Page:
Pilcher Pipe Organ

E.M. Skinner, Inc. Pipe Organ of First United Methodist Church, Manchester, GA

The organ of First Methodist was built and originally installed by the E.M. Skinner, Inc firm of Lake City, Florida in 1960. A workman of the world-renowned E.M. Skinner firm of Boston started the E.M. Skinner, Inc Company with his wife and son. The Skinner firm was long known for its solid, dependable workmanship and the beautiful tones which sold their instruments the world over.

First Methodist organ is of 12 ranks, or sets of pipes. A rank is one set of pipes, which are made and voiced to sound like each other, allowing the organist to play from the bottom of the keyboard to the top with the same sound throughout. The different sounds in a pipe organ come from the judicious design of different types of ranks, and how they are used together. Here is the disposition for the Manchester organ:

Great Organ
16' Gemshorn (73 pipes)
8' Diapason (61 pipes)
8' Gemshorn (ext)
8' Erzahler (61 pipes)
8' Gedackt (Swell)
4' Octave (61 pipes)
4' Flute (Swell)
2 2/3' Twelfth (61 pipes)
2' Super Octave (61 pipes)
8' Trumpet (73 pipes)
4' Clarion (ext)

Swell Organ
16' Bourdon (97 pipes)
8' English Diapason (73 pipes)
8' Salicional (73 pipes)
8' Voix Celeste (61 pipes)
8' Aeoline (73 pipes)
8' Gedeckt (ext)
4' Flute (ext)
2' Flautino (ext)
8' Trumpet (Great)

Pedal Organ
16' Gemshorn (Great)
16' Bourdon (Swell)
8' Gemshorn (Great)
8' Flute (Swell)
4' Flute (Swell)
8' Trumpet (Great)
4' Clarion (Great)

Let's explore these words on the page and try and explain what they mean and how these stops function in the organ.

First, the Great division is where the family of organ tone is found. These stops: 8' Diapason, 4' Octave, 2 2/3' Twelfth, 2' Super Octave are all of the same type sound. The 8' Diapason is the backbone of any pipe organ. While other stops on an organ may sound like strings, flutes or even trumpets, the Diapason is the tone that is unique to the pipe organ. It is the first stop designed for any new instrument, and all other stops are based around it. The Diapason leads congregational singing, provides warmth and foundation to the organ, and fills the room with tone. The other stops: 4' Octave, 2 2/3' Twelfth, 2' Super Octave stack on top of the 8' Diapason to add brilliance and brightness, but not shrillness. When played together, these four stops provide the core of organ tone, which supports everything else.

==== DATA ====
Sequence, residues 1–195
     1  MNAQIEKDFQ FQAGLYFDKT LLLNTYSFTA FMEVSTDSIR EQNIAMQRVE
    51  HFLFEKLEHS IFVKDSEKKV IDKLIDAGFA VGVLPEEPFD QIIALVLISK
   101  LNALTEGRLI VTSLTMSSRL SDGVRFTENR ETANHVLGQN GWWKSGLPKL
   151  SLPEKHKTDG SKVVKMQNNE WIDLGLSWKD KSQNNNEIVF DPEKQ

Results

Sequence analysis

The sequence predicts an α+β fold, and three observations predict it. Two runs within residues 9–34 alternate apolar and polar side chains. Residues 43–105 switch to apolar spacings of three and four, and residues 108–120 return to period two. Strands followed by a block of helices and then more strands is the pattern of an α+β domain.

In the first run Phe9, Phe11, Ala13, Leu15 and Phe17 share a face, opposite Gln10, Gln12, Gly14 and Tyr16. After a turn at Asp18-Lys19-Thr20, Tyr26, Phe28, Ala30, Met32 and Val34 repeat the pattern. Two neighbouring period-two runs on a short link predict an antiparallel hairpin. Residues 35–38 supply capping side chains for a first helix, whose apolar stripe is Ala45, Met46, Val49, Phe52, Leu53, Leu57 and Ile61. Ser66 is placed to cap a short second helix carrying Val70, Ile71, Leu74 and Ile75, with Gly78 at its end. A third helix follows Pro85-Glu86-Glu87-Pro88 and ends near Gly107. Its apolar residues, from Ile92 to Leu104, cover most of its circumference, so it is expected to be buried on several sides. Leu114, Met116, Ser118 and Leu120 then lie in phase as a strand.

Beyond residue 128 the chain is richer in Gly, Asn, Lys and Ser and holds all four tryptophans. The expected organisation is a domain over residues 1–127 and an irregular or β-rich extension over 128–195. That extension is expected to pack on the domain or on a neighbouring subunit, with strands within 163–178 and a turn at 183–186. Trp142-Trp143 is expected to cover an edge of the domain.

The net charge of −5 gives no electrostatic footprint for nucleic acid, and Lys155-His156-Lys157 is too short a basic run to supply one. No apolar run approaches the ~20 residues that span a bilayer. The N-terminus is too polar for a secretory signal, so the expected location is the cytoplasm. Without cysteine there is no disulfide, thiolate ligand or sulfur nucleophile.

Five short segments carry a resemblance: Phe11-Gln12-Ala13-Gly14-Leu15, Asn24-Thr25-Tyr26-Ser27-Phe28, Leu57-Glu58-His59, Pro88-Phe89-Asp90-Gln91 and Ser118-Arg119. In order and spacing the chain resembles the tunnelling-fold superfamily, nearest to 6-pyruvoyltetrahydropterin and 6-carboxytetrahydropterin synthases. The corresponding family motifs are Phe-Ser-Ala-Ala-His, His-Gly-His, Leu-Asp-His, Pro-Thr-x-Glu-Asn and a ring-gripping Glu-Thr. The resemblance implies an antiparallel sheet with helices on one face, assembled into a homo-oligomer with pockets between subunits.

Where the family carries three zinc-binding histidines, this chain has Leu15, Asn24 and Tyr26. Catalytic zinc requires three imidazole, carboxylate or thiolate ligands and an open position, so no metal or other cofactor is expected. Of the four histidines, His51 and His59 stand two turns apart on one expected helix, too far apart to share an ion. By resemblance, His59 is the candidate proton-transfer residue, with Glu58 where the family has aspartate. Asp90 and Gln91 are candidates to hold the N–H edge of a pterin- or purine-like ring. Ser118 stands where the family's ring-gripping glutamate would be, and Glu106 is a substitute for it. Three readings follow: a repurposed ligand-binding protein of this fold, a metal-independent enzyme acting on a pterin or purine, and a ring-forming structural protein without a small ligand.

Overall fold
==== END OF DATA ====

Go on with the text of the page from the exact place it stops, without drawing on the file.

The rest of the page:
Also on the Great we find the 8' Gemshorn. The Gemshorn is a foundation stop of conical construction, having a tone that may be classified as a flute/string hybrid. It is a softer stop than the Diapason, but still capable of being used to lead some singing, and especially to help accompany the choir. The 16' Gemshorn is the 8' stop being played one octave lower, to add weight to the ensemble.

E.M. Skinner himself personally developed the 8' Erzahler stop as we know it today. The term Erzahler defines as literally story teller. It is shaped conically like the Gemshorn, but with a much stronger taper from bottom to top. It serves as a binding tone between bright and dull stops, high-pitched and low-pitched stops, and in this organ is voiced very softly and gently to provide a beautiful, soft tone to the great organ.

The 8' Trumpet and 4' Clarion are one stop playing at two pitches. The 8' Trumpet can function as a noble solo stop to lead a bride down the aisle, or is this organ, it also blends very nicely into the ensemble to provide a little extra sparkle and fire to make that "Joy to the World" all the more joyous.